Tuesday on Fox News Channel’s “Fox & Friends,” Sen. Tim Scott (R-SC) argued that while there was a case to be made for the renaming of military bases named for Confederate officers, progress could not be achieved through the trend of tearing down statues in the name anarchy.
The South Carolina Republican lawmaker offered examples of why preserving those symbols can be used to accentuate the positive.
“I think we could have a robust debate about how to deal with the renaming of some military bases,” he said. “There’s some things that we can have a serious debate about. But this desire to purge all of history because it was ugly or negative really does not serve the American people well. I go right back to the Selma bridge, which is actually called the Edmund Pettus Bridge because we preserved the reality of how vicious people can be by keeping it named the Pettus Bridge. That’s why it was so important to see President Obama and President Bush standing together in unity underneath that bridge to reinforce the fact that in America, all things are possible.”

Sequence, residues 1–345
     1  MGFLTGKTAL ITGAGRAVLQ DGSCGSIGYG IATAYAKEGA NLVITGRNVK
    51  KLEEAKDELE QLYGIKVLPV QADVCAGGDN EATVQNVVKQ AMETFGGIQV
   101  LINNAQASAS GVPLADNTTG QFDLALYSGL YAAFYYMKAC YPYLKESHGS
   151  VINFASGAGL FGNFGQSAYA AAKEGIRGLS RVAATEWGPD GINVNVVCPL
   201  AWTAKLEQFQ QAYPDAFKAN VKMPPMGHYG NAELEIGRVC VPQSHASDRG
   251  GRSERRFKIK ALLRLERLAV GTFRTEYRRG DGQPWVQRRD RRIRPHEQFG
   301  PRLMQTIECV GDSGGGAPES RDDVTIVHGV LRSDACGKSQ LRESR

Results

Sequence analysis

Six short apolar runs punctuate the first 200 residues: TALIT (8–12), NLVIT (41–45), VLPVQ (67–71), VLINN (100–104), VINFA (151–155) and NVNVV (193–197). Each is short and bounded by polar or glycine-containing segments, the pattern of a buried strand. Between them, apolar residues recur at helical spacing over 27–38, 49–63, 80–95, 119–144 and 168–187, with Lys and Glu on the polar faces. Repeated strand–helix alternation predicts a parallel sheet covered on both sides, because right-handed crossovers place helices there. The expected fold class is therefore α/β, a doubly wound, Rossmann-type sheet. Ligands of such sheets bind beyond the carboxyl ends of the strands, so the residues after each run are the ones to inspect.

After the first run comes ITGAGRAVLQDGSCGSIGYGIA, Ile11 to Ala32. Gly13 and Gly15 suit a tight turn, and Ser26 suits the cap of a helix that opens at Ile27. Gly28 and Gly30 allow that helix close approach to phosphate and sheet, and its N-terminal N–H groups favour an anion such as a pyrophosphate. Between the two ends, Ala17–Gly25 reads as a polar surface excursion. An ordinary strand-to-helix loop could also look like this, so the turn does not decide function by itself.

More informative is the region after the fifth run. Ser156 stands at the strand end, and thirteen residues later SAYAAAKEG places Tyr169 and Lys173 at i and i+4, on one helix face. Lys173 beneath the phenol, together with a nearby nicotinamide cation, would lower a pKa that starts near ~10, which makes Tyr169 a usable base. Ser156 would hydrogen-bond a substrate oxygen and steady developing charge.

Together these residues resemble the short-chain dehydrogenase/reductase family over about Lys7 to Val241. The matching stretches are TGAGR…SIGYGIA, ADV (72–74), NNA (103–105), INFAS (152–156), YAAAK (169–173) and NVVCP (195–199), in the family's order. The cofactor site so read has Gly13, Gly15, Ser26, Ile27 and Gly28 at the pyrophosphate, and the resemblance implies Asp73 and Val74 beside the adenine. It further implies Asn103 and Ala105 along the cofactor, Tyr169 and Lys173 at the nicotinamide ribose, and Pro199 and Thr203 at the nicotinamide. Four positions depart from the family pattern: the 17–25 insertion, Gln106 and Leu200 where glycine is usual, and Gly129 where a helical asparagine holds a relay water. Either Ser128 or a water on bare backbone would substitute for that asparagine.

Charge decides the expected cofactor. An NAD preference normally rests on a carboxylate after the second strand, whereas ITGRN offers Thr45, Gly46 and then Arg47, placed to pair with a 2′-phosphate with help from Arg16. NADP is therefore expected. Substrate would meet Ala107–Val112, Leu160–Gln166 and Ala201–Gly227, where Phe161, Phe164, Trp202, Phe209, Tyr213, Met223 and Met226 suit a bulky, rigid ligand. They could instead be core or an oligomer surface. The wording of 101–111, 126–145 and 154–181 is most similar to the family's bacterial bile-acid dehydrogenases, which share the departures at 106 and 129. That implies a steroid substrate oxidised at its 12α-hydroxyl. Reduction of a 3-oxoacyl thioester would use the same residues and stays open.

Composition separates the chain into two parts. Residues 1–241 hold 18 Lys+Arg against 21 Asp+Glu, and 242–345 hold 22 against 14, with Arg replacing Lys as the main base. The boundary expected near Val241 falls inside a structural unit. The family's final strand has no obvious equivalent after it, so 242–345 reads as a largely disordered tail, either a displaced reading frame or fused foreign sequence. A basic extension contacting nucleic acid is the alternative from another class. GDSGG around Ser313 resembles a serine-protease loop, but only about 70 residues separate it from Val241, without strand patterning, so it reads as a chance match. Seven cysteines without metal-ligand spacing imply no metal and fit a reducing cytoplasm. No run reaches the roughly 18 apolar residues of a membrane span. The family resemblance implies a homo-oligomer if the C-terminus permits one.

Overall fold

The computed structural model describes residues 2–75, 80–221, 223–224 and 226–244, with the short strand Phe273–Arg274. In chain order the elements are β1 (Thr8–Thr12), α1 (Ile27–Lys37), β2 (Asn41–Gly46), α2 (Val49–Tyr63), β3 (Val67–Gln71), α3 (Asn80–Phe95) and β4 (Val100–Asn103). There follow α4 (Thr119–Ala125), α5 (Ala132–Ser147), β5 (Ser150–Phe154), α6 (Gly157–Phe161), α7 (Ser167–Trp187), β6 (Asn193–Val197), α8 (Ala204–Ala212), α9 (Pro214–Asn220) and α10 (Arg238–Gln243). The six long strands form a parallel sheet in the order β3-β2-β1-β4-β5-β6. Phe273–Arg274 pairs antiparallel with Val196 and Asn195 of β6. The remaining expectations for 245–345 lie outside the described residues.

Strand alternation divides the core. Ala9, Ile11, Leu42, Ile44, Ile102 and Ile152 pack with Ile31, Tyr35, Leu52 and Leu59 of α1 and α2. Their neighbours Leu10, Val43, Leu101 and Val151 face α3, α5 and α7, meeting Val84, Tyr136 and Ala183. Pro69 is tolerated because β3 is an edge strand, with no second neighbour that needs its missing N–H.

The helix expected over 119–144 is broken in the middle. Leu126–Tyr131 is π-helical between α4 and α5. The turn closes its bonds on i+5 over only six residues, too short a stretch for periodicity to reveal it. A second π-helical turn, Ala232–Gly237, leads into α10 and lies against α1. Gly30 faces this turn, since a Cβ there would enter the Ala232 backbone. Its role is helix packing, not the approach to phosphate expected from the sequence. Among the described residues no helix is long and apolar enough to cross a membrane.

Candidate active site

“In America, we may have flaws. We may have challenges, but we get it together, and we come together to overcome those challenges,” Scott added. “And that’s why I think oftentimes preserving the history, as ugly as it may have been, can be a sign and a symbol of how good it can be. And if we want to do something, why don’t you put up a statue to Booker T. Washington. Why don’t you have a conversation about Washington Carver? These would be positive steps. Tearing down the history for the sake of anarchy is not how we make progress in this country. It never has been, and it never will be because we are the United States of America.”
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